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Bus Bus Maintenance

Fareboxes stay the same, but new challenges arise 

Posted by Drew Kerr | Friday, July 07, 2017 3:16:00 PM

Lead Revenue Mechanic Technician Tim Maloy has spent the past 20 years repairing and maintaining fareboxes, a job he says continues to pose new challenges every day. To improve reliability, Maloy has been on a campaign to replace the metal pieces that hold transfer cards so they are less prone to jam. Metro Transit has been using the same fareboxes for nearly a quarter-century.

But even after more than 20 years of keeping them in shape, Lead Revenue Mechanic Technician Tim Maloy says his job is as interesting as ever.

“It’s a little strange to be working with the same piece of equipment after all this time, but there are still days they beat you up,” he said from the Instruction Center, where he and several other farebox technicians work. “There’s never boredom.”

The intrigue comes in part from the fact that the fareboxes are largely mechanical pieces of equipment – carefully-calibrated sets of plastic gears, belts, sensors and circuit boards that pull in cash and coins deposited by cash-paying customers.

With so many moving parts, the margin for error is small. Lint, sunflower seeds and other small debris that comes from a customer’s pocket can easily jam the machines.

The puzzles technicians face aren’t easily  solved by reading a manual or running a quick diagnostic test, either.

“There are things you can look at, but you don’t really have a troubleshooting process,” said Trevor Scholtz, one of two-dozen farebox technicians. “All you can do is take it apart and eventually find out what’s wrong with it. And the only way to test is to put it all back together again.”

More recently, Maloy has been on a campaign to steadily replace the metal pieces that hold stacks of transfer cards in what’s known as a trim unit, which attaches to the coin and bill collecting machine. A slight offset in the old design would cause more than one ticket to get fed into the machine, frequently causing jams that required repair.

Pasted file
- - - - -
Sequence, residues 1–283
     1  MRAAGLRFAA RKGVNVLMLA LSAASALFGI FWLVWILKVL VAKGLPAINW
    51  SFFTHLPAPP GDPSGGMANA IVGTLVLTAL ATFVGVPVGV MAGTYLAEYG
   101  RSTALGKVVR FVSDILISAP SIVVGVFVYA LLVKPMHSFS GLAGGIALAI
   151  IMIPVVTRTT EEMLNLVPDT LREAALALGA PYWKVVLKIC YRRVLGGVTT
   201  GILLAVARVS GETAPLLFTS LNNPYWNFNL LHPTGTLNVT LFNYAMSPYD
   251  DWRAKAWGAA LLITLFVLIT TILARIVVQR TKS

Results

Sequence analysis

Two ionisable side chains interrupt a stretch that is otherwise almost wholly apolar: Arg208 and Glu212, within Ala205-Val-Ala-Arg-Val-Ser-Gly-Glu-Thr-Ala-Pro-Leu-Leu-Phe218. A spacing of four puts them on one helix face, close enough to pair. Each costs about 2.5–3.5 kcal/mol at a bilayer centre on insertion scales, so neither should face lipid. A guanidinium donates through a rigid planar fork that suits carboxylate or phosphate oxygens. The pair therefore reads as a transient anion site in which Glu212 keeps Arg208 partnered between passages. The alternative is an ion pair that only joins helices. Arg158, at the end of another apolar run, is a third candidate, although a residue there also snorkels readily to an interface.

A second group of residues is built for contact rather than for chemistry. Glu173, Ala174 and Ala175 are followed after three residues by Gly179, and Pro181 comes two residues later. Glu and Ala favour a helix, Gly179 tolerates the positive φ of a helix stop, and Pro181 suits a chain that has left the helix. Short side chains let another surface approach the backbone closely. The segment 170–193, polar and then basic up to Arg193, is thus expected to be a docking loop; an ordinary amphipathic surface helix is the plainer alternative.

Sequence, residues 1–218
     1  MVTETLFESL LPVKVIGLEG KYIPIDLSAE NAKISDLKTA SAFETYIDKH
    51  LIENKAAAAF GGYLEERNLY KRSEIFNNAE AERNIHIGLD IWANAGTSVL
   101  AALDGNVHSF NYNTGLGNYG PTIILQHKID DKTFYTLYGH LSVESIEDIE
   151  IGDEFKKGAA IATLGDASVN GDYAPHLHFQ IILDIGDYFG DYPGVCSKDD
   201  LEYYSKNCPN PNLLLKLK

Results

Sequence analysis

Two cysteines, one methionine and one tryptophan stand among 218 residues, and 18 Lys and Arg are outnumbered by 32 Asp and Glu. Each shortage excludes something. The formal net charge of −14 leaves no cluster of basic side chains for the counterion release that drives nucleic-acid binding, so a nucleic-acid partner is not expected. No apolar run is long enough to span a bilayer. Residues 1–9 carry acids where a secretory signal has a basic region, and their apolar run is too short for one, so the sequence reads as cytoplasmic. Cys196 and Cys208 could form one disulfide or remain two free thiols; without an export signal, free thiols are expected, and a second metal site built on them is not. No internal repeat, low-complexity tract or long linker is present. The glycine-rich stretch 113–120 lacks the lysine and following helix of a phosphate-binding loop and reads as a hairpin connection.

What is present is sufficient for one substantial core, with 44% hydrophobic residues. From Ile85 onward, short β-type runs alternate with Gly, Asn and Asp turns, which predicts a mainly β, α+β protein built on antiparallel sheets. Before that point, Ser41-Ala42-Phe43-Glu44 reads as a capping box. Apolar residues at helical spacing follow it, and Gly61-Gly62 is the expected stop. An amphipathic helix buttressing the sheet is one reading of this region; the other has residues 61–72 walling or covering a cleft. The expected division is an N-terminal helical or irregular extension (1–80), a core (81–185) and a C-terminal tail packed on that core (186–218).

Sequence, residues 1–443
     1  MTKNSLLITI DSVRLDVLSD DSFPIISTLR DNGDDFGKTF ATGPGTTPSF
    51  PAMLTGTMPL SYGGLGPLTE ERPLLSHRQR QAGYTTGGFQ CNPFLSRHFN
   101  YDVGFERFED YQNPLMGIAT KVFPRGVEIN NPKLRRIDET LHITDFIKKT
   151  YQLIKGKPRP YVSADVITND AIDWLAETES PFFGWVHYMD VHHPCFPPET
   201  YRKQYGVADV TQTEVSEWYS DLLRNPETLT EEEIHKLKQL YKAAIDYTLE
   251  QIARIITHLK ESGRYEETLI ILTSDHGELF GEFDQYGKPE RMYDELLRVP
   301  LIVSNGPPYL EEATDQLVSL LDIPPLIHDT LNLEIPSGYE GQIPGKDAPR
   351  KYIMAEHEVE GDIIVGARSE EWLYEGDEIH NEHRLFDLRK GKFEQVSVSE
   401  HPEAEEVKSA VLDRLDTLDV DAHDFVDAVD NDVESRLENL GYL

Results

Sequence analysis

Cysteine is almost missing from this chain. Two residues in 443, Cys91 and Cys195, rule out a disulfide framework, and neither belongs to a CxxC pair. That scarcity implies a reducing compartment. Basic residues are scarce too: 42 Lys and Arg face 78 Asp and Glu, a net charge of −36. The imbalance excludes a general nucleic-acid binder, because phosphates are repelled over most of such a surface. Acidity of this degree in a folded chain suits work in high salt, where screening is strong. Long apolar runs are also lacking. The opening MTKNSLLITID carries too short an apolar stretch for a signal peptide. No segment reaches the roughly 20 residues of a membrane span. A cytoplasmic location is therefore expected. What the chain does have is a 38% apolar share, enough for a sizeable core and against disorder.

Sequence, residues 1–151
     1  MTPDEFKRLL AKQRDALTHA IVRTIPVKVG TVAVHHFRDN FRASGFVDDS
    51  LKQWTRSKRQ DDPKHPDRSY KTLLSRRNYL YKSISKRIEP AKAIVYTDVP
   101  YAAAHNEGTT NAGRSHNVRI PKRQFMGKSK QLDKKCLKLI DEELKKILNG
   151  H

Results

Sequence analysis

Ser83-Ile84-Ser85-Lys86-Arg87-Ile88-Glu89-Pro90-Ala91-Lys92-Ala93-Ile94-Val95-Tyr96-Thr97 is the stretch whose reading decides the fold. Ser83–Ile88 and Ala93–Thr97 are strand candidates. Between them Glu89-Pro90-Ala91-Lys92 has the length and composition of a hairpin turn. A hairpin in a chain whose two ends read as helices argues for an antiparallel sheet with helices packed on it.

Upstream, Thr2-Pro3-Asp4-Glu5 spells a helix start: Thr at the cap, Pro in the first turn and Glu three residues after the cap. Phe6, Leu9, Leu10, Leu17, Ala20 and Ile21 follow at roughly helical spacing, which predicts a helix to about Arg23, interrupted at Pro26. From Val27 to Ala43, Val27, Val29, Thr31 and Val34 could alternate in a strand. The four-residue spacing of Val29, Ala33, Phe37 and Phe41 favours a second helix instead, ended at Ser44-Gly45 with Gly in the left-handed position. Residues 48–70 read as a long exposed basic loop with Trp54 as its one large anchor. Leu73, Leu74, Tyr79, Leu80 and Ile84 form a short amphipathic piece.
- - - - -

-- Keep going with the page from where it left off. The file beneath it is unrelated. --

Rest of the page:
“That’s been my main goal, because that was what was contributing to the bulk of our road calls,” said Maloy, whose 37-year career also includes stints as a vault puller and in Central Counting.

The majority of the cassettes have now been replaced, and farebox-related road calls have been cut in half.

Just like any other mechanical failure on a bus, fareboxes that break down while in service can cause a bus to be replaced. Farebox technicians may also be called out to replace parts or make quick repairs during a layover. To prevent those kind of situations, each service garage has at least one farebox technician who spends their mornings repairing fareboxes before pull-out each morning.

Maloy and several other Farebox Technicians at the Instruction Center also focus heavily on preventative maintenance, disassembling, cleaning and rebuilding each machine every six months. Each rebuild takes up to four hours.

“It’s the only thing that keeps these things going this length of time,” Maloy said.

Technicians at the Instruction Center also maintain ticket vending machines that customers use to purchase fares at stations and vault equipment used to securely collect farebox collections when a bus pulls in.

Technicians do not maintain the fare care readers, but they did take the lead on a recent fleetwide replacement and will continue to outfit new buses with the latest technology. 

Like Maloy, several technicians have spent long careers working with fare collection technology, and are still excited about what they do.

Technician Lisle “Butch” Vickerman helped install the existing fareboxes 24 years ago, crawling under buses to detach older machines that accepted only coins and tokens, and weren’t able to count the change. These days, he spends his time repairing circuit boards.

“It’s still fun after all these years,” Vickerman said.

    > Balancing the books between the farebox and the bank

Bus Bus Maintenance

Technician training program gets national recognition 

Posted by Drew Kerr | Wednesday, March 29, 2017 1:11:00 PM

Equal Opportunity Consultant Gary Courtney, left, and Deputy Chief of Operations-Bus, Brian Funk, accepted the Model Program award this week at the National Transit Institute’s Transit Trainers Workshop.The Metro Transit Technician Training Program was celebrated as an industry-leading workforce development program this week.

The recognition came in the form of a Model Program award from the National Transit Institute, a Rutgers University-based organization that develops, promotes and delivers training and education programs for the transit industry. The award was presented at the institute’s Transit Trainers’ Workshop, held in Nashville, Tenn.

The Metro Transit Technician Training Program (MTT) puts job seekers on a path to full-time roles as bus or rail technicians through a combination of job and skills training, a paid internship and support toward earning an associate degree. Participants are not required to have any prior experience.